St John's Trentham, is the oldest church in the Anglican Diocese of Wellington that has been used continuously for worship since it was built in 1863. St John's Church is a Category 2 Historic Place. Julia Stuart, esteemed journalist and renowned local historian is the wife of Peter Stuart who was Vicar of St Johns 1982 to 1995, has given us permission to provide access to the pdf version of her publication, St John’s Anglican Church, Trentham 1863-2013, Mother Church of the Upper Valley. This gives an account of the origin, construction and expansion of St Johns, the parish and its community setting, for the past 150 years
St John's Church History
This material has been abstracted from the booklet "Our First Hundred Years..." published in 1961 on behalf of the Parish of Trentham, and is similarly dedicated to those who pioneered the work of this parish in the Upper Hutt Valley.
In the Beginning...
The area presently known as Trentham was originally a 100-acre farm belonging to Richard Barton, who had come to New Zealand from his former position as Supervisor to the Duke of Sutherland's estates in Staffordshire, then known as Trentham Hall. In 1846 the Bartons settled in Upper Hutt, and their house was named Trentham.
The Barton family memory lives on in the area, with Barton Road, Barton Avenue and an area of native trees called Barton's Bush, which is within the reserve now known as Trentham Memorial Park. Richard Barton was interred in the grounds of St John's Church, and there are also memorials to him in the form of brass plaques within the Church building.
The actual construction of the Church itself was overseen by the Rev Frederic Thatcher, who was a noted church architect of the time. The first Vicar was the Rev J E Herring, who visited on December 27, 1861 and performed his first baptism as Vicar on March 30, 1862.
The Rev Herring's tenure was quite short, and he was succeeded by the Rev Amos Knell on September 27, 1863. Earlier that year, in January, Mr and Mrs Barton had, according to local tradition, given the money to purchase the land on which St John's church now stands. In addition, Mrs Barton gave significant support, both financial and otherwise, to the later construction of a vicarage in 1894.
The Rev E Thomas Abraham (not the Rev Charles Thomas Abraham, son of Bishop Charles JohnAbraham) served as a Deacon in charge of the parish from August 1865 to April 1868. By this time, the original central portion of the present church building was completed, but it was not until 17th December 1865 that Bishop Abraham consecrated the building and its church-acre.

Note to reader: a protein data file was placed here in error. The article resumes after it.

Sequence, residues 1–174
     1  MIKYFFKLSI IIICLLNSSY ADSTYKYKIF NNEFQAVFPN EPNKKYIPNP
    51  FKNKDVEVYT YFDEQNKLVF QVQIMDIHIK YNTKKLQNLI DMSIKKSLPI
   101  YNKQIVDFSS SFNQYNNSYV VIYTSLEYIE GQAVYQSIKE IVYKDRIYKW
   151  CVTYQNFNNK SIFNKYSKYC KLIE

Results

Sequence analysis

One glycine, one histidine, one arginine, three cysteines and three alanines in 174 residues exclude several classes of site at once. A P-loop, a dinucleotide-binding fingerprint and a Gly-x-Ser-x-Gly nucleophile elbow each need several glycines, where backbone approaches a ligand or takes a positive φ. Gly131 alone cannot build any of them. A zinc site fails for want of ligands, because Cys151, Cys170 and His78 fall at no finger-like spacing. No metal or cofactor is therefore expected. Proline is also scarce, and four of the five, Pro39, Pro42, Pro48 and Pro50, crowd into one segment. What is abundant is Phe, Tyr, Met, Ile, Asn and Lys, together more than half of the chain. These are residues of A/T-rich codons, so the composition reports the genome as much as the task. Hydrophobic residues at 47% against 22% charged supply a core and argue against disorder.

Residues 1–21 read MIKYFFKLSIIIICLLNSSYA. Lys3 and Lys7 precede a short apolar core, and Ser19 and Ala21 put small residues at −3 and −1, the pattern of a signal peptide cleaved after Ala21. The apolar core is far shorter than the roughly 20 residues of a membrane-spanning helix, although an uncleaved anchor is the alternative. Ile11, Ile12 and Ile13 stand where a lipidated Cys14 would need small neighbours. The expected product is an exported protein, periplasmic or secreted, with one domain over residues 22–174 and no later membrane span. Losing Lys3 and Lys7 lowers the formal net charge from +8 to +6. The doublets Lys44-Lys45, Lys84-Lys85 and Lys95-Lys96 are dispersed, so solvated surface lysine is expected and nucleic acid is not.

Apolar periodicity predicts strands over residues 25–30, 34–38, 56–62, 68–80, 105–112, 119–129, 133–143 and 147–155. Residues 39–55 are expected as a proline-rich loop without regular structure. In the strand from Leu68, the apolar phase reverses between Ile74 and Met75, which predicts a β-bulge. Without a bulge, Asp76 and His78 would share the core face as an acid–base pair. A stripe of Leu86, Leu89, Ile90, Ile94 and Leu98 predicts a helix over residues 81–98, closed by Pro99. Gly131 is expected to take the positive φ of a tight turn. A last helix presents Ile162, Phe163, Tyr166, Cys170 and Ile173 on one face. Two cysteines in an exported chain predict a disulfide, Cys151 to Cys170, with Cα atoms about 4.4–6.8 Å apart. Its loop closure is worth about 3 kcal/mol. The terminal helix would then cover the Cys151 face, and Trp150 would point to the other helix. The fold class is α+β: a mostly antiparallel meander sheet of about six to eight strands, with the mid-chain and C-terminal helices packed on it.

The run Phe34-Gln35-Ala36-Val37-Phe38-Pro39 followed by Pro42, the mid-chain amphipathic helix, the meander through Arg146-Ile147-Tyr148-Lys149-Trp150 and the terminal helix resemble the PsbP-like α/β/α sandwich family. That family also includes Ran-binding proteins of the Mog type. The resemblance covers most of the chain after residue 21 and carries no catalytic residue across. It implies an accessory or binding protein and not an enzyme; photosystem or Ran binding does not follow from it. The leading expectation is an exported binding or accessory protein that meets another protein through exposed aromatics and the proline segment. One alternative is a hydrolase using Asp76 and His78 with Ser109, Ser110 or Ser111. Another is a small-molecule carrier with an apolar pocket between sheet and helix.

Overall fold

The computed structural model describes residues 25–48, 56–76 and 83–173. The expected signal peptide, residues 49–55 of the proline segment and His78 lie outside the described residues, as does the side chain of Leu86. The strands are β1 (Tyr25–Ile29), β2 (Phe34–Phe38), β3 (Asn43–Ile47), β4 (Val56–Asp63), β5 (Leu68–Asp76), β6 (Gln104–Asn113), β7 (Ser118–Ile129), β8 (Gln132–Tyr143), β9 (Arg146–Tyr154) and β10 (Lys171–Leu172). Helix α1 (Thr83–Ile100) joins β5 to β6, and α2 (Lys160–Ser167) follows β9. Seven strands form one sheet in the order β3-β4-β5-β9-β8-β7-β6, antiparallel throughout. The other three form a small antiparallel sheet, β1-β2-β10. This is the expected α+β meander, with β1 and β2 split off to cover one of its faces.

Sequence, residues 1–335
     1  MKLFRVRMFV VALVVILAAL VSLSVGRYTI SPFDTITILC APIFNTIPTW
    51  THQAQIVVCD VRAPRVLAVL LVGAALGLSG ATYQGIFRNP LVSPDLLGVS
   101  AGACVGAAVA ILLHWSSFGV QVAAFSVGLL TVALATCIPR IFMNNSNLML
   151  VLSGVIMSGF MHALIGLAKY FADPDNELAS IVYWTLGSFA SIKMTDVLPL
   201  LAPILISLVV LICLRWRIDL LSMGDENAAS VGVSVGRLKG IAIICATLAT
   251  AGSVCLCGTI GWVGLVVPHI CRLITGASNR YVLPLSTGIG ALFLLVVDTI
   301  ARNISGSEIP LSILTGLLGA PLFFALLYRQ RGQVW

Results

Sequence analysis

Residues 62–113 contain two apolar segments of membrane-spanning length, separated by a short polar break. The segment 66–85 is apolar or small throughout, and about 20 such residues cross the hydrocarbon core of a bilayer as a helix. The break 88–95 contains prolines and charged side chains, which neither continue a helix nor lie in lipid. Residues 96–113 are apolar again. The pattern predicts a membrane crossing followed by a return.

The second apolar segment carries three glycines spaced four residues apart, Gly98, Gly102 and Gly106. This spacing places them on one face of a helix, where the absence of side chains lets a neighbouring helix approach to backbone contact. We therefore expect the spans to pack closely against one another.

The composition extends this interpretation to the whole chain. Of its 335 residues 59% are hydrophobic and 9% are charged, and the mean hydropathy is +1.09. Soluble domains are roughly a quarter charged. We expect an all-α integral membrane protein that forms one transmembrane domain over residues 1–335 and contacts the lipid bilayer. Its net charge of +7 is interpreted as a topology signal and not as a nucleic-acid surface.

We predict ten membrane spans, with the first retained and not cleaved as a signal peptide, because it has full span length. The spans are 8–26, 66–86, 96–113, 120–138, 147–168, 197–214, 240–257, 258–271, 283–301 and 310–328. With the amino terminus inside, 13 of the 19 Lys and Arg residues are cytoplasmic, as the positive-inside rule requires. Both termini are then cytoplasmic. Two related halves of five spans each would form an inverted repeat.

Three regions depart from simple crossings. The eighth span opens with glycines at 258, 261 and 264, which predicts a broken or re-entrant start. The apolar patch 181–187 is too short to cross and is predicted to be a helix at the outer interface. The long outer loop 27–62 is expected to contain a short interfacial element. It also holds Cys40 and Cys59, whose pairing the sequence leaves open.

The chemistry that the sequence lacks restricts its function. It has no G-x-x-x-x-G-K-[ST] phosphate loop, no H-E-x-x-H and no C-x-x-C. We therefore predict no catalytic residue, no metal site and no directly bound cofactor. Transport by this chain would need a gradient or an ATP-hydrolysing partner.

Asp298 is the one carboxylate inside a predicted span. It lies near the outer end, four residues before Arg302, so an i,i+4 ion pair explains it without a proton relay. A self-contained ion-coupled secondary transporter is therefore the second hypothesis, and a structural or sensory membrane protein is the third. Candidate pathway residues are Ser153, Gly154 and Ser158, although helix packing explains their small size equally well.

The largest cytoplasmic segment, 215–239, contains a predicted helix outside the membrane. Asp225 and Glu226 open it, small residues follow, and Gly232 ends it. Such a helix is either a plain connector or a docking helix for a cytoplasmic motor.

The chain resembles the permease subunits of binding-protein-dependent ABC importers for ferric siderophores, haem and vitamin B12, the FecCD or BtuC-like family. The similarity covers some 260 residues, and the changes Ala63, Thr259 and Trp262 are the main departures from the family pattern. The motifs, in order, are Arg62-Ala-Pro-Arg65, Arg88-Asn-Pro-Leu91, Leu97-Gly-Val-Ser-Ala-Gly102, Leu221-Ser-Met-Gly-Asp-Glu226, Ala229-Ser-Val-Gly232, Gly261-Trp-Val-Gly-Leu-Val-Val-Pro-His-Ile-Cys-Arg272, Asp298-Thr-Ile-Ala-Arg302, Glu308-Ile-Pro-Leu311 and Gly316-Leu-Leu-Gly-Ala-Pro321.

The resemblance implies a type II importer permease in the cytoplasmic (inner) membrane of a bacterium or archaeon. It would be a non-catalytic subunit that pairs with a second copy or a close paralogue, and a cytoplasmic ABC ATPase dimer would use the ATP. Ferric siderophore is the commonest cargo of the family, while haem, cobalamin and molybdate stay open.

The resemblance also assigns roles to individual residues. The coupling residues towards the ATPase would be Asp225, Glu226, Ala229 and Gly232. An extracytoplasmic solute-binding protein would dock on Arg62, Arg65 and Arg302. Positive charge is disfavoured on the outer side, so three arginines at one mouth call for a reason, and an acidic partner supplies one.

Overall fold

In the years that followed, considerable development occurred in the area, with an increase in settlement encouraged by the railway line, completed through to Upper Hutt in 1876. In 1884, the chancel and sanctuary were added to the church building, and a Vestry was added in 1914. However, it proved difficult to retain clergy in the area, and for several periods in the latter part of thenineteenth century, the parish was without a Vicar, and parish life fell to a very low ebb.
In January 1903, the Rev Cecil J Smith arrived at Trentham, and proceeded to re-invigorate the parish and the local area. He held services at Kaitoke, Mangaroa, Wallaceville, Whiteman's Valley and Silverstream, as well as at other venues in central Upper Hutt. In August 1908 he was appointed to Otaki parish. However, the Parochial District of Upper Hutt continued to grow, and was finally elevated to full Parish status in 1946, by decision of Synod.
During the 1950's, growth at St John's was so significant that two major events occurred; the first was the enlargement of the church building by extending the sides, completed in 1955, and the second was the completion of the present Parish hall in the 1960's.
The only other change to the building at St John's has been the completion of a foyer in the 1980's, and the more recent replacement of pinex ceilings with gib, completed during 2004.
Needless to say, there is much more to the history of this parish than it is possible to include here; the contribution of many hundreds of faithful parishioners over more than one hundred and fifty years means that they are too numerous to name. However, their legacy lives on in the church today.
Parish Sub Division
As the population of the parish grew it was found necessary to form two other parishes within the original St John's Trentham parish.
Originally constructed on the site currently occupied by McDonald's restaurant, St Hilda's Church was built in April 1910, as part of the Trentham parish. This was divided into a separate Parochial District as the result of a Synod decision in 1951, and later became a parish in its own right.
St Mary's church in Silverstream was originally mooted at a meeting on November 8, 1919, but construction was delayed by the difficulties of raising funds and the building was not completed until March 1931. St Mary's is also now a parish in its own right.